Curtains fell down on Nouri Al Maliki yesterday after he reluctantly announced to step down as prime minister and lend support to Haider Al Abadi. Domestic and international pressure forced Al Maliki, who remained in power for eight years in Iraq, to bow out. On Monday, Iraq’s president had appointed a veteran Shia politician, Haider Al Abadi, as prime minister-designate to form a new government.
Even his Dawa party has called on Iraqi politicians to work with Al Abadi in forming a new government. The new development is a major step towards breaking the political deadlock that has paralysed the country since April elections.
Refusing to step aside, Al Maliki had argued that the appointment of the 62-year-old Al Abadi as prime minister-designate is constitutionally invalid. He had approached the Supreme Court to rule on his complaint that, as leader of the biggest bloc in parliament elected in April, it was he, not Al Abadi, whom the president should have invited to form a new government.
Green signal to Al Abadi by the US was a big blow for Al Maliki because he rose to power under the US occupation. The US President Barack Obama has termed the nomination of Al Abadi a positive step for Iraq, and UN Secretary-General Ban Ki-moon welcomed the formation of a new government.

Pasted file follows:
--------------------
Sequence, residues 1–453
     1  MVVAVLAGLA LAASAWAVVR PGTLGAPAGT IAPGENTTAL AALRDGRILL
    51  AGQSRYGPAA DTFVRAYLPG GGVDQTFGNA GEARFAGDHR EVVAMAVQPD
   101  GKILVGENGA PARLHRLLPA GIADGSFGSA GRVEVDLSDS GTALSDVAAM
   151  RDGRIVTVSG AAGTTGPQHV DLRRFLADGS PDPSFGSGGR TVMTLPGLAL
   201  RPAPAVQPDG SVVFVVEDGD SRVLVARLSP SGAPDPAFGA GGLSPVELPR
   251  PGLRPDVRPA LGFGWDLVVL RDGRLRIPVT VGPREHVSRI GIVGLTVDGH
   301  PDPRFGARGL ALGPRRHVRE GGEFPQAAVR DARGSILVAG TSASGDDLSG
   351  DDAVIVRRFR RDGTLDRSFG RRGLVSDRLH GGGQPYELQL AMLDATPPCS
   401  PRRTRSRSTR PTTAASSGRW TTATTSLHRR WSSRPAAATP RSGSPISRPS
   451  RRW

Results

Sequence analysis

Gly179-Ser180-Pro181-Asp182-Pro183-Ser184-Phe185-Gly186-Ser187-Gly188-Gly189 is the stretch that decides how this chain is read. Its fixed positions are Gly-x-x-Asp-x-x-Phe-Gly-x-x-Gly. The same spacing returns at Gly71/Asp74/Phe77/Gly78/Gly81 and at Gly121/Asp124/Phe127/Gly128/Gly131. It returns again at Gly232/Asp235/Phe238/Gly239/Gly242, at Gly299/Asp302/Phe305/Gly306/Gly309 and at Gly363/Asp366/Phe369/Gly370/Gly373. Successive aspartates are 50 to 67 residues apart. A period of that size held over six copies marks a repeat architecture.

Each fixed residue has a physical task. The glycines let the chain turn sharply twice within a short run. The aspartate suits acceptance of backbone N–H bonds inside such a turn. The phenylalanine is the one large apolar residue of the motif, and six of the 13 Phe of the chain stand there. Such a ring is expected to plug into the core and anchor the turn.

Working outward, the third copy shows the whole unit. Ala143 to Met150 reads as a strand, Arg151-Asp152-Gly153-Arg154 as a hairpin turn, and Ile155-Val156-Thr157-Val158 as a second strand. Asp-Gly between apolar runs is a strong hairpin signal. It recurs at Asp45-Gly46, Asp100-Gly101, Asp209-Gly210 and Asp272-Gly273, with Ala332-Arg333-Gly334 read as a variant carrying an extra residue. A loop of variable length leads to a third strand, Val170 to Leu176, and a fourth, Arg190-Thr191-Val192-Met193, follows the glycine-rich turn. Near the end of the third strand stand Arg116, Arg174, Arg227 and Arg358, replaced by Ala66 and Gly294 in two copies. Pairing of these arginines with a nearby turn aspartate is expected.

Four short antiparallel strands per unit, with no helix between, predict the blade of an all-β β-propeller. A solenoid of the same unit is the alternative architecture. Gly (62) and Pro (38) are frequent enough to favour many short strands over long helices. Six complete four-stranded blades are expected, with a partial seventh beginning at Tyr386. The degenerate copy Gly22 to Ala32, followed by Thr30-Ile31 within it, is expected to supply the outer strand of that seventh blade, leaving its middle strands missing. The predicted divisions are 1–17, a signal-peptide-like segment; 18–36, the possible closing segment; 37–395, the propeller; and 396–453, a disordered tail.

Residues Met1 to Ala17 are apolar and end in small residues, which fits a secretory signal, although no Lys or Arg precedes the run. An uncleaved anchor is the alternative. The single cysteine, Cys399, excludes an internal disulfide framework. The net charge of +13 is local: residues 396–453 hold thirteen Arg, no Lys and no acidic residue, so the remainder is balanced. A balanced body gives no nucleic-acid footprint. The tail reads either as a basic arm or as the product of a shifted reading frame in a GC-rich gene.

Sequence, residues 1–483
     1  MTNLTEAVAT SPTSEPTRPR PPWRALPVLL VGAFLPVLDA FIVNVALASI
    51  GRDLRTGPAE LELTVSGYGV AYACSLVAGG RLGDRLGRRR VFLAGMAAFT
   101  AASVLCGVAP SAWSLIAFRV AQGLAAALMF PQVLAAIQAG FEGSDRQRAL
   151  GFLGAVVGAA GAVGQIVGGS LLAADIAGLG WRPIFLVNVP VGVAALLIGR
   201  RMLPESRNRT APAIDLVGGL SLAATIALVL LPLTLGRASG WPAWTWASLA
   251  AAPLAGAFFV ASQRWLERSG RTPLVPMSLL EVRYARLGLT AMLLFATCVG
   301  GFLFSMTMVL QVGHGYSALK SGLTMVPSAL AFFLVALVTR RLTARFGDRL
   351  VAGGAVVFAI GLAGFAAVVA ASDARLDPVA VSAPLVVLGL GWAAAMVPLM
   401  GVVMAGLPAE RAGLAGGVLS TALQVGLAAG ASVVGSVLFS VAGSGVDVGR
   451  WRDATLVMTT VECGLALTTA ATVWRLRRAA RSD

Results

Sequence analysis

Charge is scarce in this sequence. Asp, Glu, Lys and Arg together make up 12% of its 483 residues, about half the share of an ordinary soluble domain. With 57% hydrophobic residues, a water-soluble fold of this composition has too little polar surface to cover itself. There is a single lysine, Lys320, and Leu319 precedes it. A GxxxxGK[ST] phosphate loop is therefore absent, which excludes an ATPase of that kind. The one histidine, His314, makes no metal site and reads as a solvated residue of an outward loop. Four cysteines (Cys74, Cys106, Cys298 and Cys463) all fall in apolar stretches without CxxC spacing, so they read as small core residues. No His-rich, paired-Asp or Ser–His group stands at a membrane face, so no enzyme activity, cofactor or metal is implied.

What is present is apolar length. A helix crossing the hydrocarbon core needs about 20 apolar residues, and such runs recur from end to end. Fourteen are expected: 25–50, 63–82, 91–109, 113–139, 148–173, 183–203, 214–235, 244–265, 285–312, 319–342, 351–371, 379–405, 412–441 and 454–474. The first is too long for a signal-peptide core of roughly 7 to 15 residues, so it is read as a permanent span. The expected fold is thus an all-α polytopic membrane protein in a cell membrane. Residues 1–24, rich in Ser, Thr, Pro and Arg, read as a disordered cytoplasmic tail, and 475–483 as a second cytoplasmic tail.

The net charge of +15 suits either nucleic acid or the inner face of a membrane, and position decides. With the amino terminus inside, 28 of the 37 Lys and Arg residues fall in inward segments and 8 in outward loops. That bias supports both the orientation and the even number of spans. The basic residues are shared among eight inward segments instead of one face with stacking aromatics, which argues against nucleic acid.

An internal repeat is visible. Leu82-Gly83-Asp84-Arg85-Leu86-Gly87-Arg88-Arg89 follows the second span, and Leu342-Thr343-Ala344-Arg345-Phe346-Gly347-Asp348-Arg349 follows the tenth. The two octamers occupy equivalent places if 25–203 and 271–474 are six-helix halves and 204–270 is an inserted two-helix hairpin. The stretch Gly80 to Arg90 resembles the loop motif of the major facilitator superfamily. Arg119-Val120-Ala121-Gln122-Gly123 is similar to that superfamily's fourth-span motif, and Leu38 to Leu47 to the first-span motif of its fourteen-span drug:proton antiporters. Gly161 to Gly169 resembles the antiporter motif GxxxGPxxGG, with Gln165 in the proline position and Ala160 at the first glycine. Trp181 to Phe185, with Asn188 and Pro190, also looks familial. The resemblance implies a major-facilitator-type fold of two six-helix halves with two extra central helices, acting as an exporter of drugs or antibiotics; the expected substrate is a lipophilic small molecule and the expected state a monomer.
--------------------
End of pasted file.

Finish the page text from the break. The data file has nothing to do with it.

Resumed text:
Iran, the Organisation of Islamic Cooperation (OIC), Arab Parliament, and many Arab countries have also given support to Al Abadi.
Al Maliki’s fall does not come as a surprise. During his eight-year rule, Iraq saw alienation of Kurd and Sunni minorities. The recent uprising of ISIS and the bloodbath in Iraq is the result of his neglect of Sunnis. Though only time will tell whether Al Abadi would be able to restore peace in Iraq but one thing is clear — Al Maliki failed to give Iraqis a peaceful life.
After the US occupation lasting nearly a decade and ended in 2011 with a price tag of more than $2 trillion, Iraq is nowhere near the stability promised when Saddam Hussein was toppled in 2003.
Al Abadi, who had left the country during Saddam’s rule, has begun consultations on forming a coalition government.
He will not have to start from the scratch as his stint in the government previously will prove valuable in steering the country out of current crises. He was communications minister in the interim government set up after Saddam was ousted in 2003, and is a member of Al Maliki’s Dawa party.
However, the road ahead for Al Abadi, who holds a PhD in electrical engineering from the University of Manchester, is not going to be smooth. He will have to ensure that the new government has a proper representation of various sections of Iraq•